Grades: Color and Flavor
Depending on its place of origin, maple syrup is graded using different systems. Canada has one system, the U.S. has another. Previously, the states of Vermont and New York had their own grading systems but last year, the USDA revised its grading system to coincide with Vermont’s.
The new grading system eliminates the Fancy Grade, Grade C, as well as Grade B which is the most common grade, having a dark color and robust taste. Part of the reason to eliminate Grade B was to get past the notion that the letter designation meant it was inferior. The new grading system incorporates color and flavor descriptions to differentiate them.
The new U.S. grades are:
- Grade A: Golden Color/Delicate Taste (formerly Fancy)
- Grade A: Amber Color/Rich Flavor (formerly Grade A: Medium Amber or Grade A: Dark Amber)
- Grade A: Dark Color/Robust Flavor (formerly Grade A: Dark Amber or Grade B)
- Grade A: Very Dark/Strong Flavor
Maple syrup doesn’t offer empty calories; it is full of antioxidants and numerous vitamins and minerals. As with stevia and agave nectar, maple syrup has a low glycemic index which makes it a good alternative to cane sugar for diabetics. Pure maple syrup contains 60–66% sugar on the Brix scale—a measure of sweetness in foods.
Maple syrup can be substituted in any recipe calling for cane sugar. Replace 1 cup of cane sugar with 2/3 to 3/4 cup of maple syrup. When substituting maple syrup, it is a good idea to reduce the amount of liquid in the recipe by about 3 tablespoons per cup of syrup. And keep in mind that maple syrup is less sweet than cane sugar, so your result will be somewhat less sweet as well.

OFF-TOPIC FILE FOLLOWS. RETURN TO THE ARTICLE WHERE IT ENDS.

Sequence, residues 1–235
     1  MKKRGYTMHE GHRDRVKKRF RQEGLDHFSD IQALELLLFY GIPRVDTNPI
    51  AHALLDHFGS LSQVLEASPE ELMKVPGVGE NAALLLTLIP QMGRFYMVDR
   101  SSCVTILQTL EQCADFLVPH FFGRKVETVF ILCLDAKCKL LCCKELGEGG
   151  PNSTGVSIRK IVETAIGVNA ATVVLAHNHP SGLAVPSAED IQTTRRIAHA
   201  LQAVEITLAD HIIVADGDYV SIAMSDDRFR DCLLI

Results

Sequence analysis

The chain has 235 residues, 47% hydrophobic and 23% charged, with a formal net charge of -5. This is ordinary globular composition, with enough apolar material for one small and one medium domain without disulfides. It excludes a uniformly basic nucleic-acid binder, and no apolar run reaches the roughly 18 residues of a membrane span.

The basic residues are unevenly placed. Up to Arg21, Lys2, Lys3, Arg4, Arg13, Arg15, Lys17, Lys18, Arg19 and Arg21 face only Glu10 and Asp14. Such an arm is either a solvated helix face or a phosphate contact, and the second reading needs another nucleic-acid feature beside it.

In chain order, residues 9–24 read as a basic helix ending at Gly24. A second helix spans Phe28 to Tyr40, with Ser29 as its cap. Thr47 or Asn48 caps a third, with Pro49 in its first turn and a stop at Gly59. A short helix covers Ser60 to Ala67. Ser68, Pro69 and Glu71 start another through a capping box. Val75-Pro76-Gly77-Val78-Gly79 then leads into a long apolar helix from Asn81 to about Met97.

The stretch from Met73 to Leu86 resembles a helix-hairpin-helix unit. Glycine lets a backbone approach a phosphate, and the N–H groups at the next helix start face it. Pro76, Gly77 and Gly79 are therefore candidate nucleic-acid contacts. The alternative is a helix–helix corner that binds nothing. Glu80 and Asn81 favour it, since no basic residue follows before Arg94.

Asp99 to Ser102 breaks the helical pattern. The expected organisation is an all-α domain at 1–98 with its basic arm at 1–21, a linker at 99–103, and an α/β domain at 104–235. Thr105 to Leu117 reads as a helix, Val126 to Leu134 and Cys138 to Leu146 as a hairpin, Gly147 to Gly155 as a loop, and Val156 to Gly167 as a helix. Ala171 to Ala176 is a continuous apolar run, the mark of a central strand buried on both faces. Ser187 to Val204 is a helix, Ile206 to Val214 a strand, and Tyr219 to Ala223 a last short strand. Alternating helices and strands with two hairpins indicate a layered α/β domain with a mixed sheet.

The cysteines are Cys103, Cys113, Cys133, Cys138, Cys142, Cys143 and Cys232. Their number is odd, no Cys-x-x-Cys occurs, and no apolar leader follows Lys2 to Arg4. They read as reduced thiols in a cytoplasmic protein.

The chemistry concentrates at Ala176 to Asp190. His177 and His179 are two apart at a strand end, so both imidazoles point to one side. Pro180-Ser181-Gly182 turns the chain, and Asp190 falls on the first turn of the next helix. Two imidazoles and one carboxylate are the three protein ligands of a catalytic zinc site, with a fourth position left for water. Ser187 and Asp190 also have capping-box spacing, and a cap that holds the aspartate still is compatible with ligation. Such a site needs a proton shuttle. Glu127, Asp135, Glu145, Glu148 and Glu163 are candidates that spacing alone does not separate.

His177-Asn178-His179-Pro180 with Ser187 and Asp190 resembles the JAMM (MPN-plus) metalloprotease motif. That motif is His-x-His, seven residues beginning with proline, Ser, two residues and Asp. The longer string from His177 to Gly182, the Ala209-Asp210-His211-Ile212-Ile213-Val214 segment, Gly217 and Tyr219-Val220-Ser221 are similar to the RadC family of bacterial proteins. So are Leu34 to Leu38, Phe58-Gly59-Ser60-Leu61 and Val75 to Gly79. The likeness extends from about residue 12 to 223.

Maple syrup can also be substituted in a recipe that calls for maple sugar by using twice as much maple syrup as maple sugar, and by reducing the liquid in the recipe by half.
Also, reduce the cooking temperature by about 25°F because maple syrup caramelizes at a lower temperature than cane sugar.
If you want to substitute maple syrup for honey or molasses in a recipe, it is an even match: 1 tablespoon of maple syrup equals 1 tablespoon of honey/molasses.
Accept No Substitutes
Largely driven by the relatively high cost of pure maple syrup, the food industry has come up with myriad substitutes, most of which contain no maple at all. Rather, these products labeled pancake syrup or maple-flavored syrup contain mostly high-fructose corn syrup, artificial colorings, artificial flavorings, and a laundry list of who-knows-what.
Pure maple syrup has one ingredient: maple syrup. Check the label.
Look for labels that say “100% Maple Syrup” or “Pure Maple Syrup.” If either of those phrases are not on the label, it is not maple syrup—it can’t be, it’s the law. Also, look for the state or country of origin. You’ll only find that in real-deal maple syrup.
How do you use maple syrup for something other than a topping for pancakes or waffles? Have you ever visited a sugarhouse to see maple syrup being made? Have you ever tried other such maple products as maple cream or maple butter? What are your favorite products flavored with maple, such as maple bacon or sausage?